Monday, February 25, 2008

"You're a Fire" Should Have Led to "You're Fired"

The book "The Day the Earth Caved In" by Joan Quigley examines a mine fire in Centralia, one of the tragic unintended results of the economic might of coal mining that helped build Pennsylvania. As the industry faded away into mostly bootleg and now sporadic operations, the mines remained. Inside many of these mines are long neglected fires with enough coal to keep the fires burning for years. These coal fires create tragedies when the fires and their toxins reach up through the surface. Unfortunately, in Centralia, these fires threaten an entire borough. This book describes the history of the Centralia mine fires, how its residents reacted, and how public officials mishandled the situation and let situations grow worse. Students of state government operations may wish to note the mistakes made by the Republican Thornburgh Administration to the Centralia difficulties.

The region around Centralia once boasted of 14 mine operations, each employing hundreds, with three United Mine Workers locals within Centralia. When the mines closed, local residents were left with the smell of sulfur from the inferno beneath them. Yet, with an average income half the national average and generations of proud residencies, many remained, despite the smell and the existence of ominous pipes used for venting the fire’s steam. Yet, when a boy fell into a hole in back yard and narrowly escaped death from the 160 degree heat and monoxide level that was thirty times above the government’s set exposure threshold, the residents realized the situation had grown far more serious. The fire was reaching them.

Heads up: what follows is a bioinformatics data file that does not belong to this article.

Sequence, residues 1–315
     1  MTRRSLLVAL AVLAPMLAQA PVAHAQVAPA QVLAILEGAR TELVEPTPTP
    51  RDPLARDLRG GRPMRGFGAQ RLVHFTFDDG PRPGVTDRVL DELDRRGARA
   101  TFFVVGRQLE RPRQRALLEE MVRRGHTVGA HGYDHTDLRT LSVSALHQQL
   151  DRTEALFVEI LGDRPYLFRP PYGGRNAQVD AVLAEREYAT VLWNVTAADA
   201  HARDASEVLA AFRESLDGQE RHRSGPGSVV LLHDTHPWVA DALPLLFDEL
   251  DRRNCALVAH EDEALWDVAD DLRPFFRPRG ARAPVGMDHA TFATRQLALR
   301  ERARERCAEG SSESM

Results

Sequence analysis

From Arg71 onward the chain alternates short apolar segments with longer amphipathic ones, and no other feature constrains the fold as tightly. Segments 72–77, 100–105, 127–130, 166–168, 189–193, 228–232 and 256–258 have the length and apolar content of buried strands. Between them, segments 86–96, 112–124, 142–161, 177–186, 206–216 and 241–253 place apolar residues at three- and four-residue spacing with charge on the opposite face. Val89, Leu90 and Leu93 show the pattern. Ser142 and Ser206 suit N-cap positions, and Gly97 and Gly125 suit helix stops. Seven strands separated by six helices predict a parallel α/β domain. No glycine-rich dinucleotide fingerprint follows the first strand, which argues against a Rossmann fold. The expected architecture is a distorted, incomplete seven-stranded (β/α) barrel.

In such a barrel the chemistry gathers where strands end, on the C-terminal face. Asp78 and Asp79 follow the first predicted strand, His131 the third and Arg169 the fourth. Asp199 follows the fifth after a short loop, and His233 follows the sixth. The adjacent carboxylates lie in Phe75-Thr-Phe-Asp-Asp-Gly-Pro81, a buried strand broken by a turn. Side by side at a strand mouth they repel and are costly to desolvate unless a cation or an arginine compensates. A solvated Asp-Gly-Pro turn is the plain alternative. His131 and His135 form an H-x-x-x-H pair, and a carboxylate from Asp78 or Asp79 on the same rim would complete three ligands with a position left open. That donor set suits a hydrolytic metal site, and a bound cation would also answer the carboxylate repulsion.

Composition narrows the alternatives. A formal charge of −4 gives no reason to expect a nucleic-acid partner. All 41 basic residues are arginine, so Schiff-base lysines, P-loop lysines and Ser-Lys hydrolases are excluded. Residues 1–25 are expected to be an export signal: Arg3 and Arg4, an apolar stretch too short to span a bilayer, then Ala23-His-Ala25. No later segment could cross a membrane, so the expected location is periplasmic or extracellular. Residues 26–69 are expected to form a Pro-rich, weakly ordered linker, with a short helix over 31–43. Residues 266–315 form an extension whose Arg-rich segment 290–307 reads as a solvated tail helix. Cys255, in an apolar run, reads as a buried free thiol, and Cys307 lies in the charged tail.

Fire does not know politics, yet the Centralia fire raged at a most politically inopportune time. It roared during the Reagan Republican Revolution, at a time when President Reagan and Governor Thornburgh were calling for cutbacks in government services spending and for relaxing environmental standards to encourage business growth. An expensive fire operation caused by failed corporate environmental failure was low on the government’s list of priorities and indeed may have been embarrassing to their goals.

This book provides an excellent history of the Centralia fire along with a description of public policy mistakes that hopefully we may learn from. The fire first surfaced at a landfill. The state required the borough government officials to daily dump clay onto the fire. Yet, the state failed to recognize that Centralia was a depressed community with only $2,300 in its General Fund. The borough officials could not afford to do what the state required of them, so, while they did apply clay when they could afford to, they did what many local officials in similar situations do. They pretended the problem didn’t exist or wasn’t really that important. Meanwhile, the fire spread. Finally, upon realizing the fire was burning out of control, borough officials called for help.